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Old 02-03-2016, 08:08 AM   #1
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Sheet metal to sheet metal glue/sealant recommendations?

Hi all,

Getting lined out to start buttoning up my roof raise, and need some advice.

As the title says, Im looking for a good glue/sealant for sheet metal to sheet metal use. Sheets are 20 GA galvanized, and will be screwed together every couple inches as well.

I had hoped to use PL premium or the like (polyurethane construction adhesive), but further research indicates it needs at least one side to be porous, as it is cured by moisture. I don't think the middle inch would ever completely cure on a joint with 2" of overlap.

Our mechanic at work suggested 3M body panel adhesive, which is recommended for van bodies and the like, but I have three issues with it:
1. Two part epoxy is a PITA
2. Cost is $40/200ml. Yikes!
3. I worry an epoxy will be brittle and eventually cracked from vibration.

So, what have you had success with?

Jdecker
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Old 02-03-2016, 08:52 AM   #2
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If you're planning on skipping mechanical fasteners and going an adhesive-only route then you might want to look into 3M VHB tape.

If you're planning on riveting, screwing or bolting the metal together then just get some automotive seam sealer. I actually used a black butyl vapour barrier caulking (Acousti-Seal by LePage) which has the same ingredients as seam sealer, but it's a bit goopier. I tried another brand of vapour barrier caulking which was completely different and unusable.
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Old 02-03-2016, 12:48 PM   #3
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Contact Sika Corporation for a recommendation. They make some of the most advanced adhesives on the planet and have several lines specifically for metal to metal. A couple are rated stronger than welding or riveting. Most cars, trucks, trains and airplanes today use these types of adhesives in place of mechanical attachment in many situations.
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Old 02-04-2016, 04:36 PM   #4
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I'd say grab a little mig welder and lay a bead the whole length of it.
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Old 02-04-2016, 05:57 PM   #5
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I'd say grab a little mig welder and lay a bead the whole length of it.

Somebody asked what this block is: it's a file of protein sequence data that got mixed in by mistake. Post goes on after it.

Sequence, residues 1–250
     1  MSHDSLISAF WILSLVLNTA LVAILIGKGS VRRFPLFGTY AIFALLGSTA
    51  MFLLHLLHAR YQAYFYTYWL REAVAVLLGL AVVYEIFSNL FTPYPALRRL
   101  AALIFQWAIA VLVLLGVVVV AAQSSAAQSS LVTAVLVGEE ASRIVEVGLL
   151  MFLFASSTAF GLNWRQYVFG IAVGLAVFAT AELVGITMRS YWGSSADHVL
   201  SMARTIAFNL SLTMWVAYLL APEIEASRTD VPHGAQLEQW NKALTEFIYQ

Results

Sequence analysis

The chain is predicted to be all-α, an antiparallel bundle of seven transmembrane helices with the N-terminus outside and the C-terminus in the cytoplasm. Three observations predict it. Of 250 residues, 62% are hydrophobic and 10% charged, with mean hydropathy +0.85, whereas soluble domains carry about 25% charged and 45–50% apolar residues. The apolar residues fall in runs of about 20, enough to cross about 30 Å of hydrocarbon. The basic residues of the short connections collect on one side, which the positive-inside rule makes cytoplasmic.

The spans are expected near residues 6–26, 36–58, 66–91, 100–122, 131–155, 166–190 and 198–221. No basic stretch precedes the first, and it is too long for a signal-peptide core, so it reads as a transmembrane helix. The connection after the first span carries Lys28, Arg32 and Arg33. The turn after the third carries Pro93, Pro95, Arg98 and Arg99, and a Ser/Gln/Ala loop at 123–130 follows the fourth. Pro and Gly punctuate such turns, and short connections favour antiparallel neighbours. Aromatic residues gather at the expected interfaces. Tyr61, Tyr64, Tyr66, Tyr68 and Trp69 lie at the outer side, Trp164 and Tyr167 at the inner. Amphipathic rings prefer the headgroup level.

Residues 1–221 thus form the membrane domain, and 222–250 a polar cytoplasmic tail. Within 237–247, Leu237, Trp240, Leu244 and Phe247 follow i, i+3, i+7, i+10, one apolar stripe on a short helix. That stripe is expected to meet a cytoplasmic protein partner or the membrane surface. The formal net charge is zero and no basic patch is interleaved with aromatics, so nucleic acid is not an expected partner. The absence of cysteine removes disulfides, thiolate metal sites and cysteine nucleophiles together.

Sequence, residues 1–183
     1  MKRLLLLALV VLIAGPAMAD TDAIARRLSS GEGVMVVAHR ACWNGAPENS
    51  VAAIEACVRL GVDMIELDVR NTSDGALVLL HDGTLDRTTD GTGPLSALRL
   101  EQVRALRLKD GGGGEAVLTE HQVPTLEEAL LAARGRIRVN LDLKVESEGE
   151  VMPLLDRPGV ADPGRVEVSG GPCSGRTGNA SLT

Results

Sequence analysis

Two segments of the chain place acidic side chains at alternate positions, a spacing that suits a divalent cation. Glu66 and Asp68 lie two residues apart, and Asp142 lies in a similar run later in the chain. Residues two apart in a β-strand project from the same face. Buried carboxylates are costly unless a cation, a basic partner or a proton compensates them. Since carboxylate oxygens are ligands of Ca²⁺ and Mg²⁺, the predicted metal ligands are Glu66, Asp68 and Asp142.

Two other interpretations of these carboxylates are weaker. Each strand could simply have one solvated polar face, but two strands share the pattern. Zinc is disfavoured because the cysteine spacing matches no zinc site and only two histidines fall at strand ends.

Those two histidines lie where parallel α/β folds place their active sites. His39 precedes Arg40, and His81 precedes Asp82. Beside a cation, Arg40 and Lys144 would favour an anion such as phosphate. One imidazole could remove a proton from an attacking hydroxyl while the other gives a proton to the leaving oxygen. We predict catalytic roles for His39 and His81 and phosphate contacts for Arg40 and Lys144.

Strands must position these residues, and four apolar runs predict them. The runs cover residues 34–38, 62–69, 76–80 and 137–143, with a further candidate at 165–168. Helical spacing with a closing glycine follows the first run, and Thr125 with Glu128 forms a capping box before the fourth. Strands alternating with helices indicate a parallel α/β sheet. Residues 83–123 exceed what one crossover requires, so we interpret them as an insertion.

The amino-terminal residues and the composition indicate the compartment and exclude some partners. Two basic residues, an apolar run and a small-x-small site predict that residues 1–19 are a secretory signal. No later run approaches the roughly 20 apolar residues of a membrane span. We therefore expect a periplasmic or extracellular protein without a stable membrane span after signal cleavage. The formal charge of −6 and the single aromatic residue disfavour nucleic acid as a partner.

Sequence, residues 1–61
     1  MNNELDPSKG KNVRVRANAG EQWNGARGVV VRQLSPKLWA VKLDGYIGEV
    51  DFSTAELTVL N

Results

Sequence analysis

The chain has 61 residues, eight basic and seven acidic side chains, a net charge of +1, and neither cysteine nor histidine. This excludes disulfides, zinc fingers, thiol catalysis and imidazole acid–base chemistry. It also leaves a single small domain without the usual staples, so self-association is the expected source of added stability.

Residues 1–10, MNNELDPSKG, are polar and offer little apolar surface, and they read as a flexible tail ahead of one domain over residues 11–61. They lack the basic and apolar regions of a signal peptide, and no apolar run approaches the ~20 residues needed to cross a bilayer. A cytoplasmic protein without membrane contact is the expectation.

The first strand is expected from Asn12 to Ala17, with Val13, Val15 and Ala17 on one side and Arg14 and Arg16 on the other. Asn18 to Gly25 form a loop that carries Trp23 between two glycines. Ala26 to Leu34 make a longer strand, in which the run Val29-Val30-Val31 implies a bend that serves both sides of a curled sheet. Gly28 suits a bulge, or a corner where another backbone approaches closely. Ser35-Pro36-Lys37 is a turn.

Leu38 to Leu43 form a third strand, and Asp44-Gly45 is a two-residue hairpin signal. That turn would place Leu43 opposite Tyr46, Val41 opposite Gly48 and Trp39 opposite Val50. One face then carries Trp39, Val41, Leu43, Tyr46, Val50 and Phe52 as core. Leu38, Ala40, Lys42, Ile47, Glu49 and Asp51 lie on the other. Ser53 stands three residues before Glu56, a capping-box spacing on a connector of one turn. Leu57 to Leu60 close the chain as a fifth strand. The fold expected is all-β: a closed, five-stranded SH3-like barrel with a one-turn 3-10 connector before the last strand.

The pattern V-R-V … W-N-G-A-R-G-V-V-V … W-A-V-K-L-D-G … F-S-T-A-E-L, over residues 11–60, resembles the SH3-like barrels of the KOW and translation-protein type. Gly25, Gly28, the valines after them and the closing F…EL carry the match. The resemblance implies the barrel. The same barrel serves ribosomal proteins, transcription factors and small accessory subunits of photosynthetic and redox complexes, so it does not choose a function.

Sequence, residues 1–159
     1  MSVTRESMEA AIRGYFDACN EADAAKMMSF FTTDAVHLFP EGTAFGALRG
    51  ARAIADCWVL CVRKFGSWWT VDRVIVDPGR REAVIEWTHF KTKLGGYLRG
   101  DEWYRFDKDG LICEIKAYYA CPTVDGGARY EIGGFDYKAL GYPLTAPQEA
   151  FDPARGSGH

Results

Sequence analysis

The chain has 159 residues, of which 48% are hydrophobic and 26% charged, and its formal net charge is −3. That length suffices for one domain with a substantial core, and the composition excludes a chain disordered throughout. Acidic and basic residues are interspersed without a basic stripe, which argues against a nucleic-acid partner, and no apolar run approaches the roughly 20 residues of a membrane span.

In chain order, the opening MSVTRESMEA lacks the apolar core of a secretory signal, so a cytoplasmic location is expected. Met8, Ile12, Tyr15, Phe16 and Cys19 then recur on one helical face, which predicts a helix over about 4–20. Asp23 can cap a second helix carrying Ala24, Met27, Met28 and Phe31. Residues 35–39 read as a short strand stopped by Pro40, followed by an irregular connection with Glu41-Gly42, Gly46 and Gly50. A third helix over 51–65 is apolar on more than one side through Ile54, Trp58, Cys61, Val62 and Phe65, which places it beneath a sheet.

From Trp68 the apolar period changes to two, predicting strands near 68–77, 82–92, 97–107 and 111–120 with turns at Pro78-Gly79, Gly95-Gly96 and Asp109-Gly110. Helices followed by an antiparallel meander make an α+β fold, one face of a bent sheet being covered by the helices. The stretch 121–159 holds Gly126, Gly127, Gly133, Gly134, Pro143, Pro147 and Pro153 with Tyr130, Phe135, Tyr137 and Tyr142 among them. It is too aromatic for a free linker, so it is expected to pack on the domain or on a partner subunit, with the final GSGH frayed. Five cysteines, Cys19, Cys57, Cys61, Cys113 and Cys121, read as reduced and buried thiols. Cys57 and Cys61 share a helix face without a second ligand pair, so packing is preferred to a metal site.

That's what I would do. No worries about it falling apart and given the price of MIG wire it might also be the cheapest method.
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Old 02-05-2016, 01:35 AM   #6
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I'd go with sikaflex or the vhb tape. Is the original chassis riveted? Try to copy the techniques the factory used to join the panels.
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Old 02-05-2016, 10:38 AM   #7
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I'd go with sikaflex or the vhb tape. Is the original chassis riveted? Try to copy the techniques the factory used to join the panels.
This, also if he's not an experienced welder, trying to lay a bead on 20 ga sheet is gonna warp and oilcan the piss out of it...
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Old 02-05-2016, 10:50 AM   #8
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This to That (Glue Advice)
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Old 02-05-2016, 04:47 PM   #9
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I have been around sheetmetal for a long time and I prefer sonolastic master seal NP-1 if it is for something you might want to take apart and re-use later just seal the seam outside and or inside or you will waste the edges getting it apart. Run a bead between the two pieces and water to wet your fingers or putty knife to spread out what whatever squishes out when you screw/rivet the pieces together and also cover the screws/rivets I like a small bucket of water and to use my finger but to each his own. Every exterior seam on my bus was caulked before painted.
I am only primered and only because of the neighborhood HOA and the county but its in my driveway and I can work on it when I have time. With almost any sealer exposed .try to keep the exposed beads adequate but small because no matter what brand is used the paint on the sealant is going to crack and expose the caulking regardless. Are as suggested you could go more money and get the tape because it will fit your seams and not squish out for the paint to cover.
I do recommend looking at your manufacterer's web site and or calling them to see what was originally used? The panels I took off were because of rust and the sealant was completely dried up and came off with a fingernail or small scraper and no residue left on the panel's so I sealed everything I didn't remove.
I used NP-1 because it was free from the company I worked for (many a partial tube left at the end of the day ) and they bought 20-30 cases at a time and I know what it is like to take something apart with just the way it was used in my work much less the stuff I have used it for personally. Temporary fixes that worked and had to get back to the pieces? Sonolastic has been around as long as sikaflex and both probably owned by the main provider for all BASF the chemical company.
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Old 02-05-2016, 04:52 PM   #10
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This is very good info. and from a person that actually knows and has made a living doing this, not from some self proclaimed expert.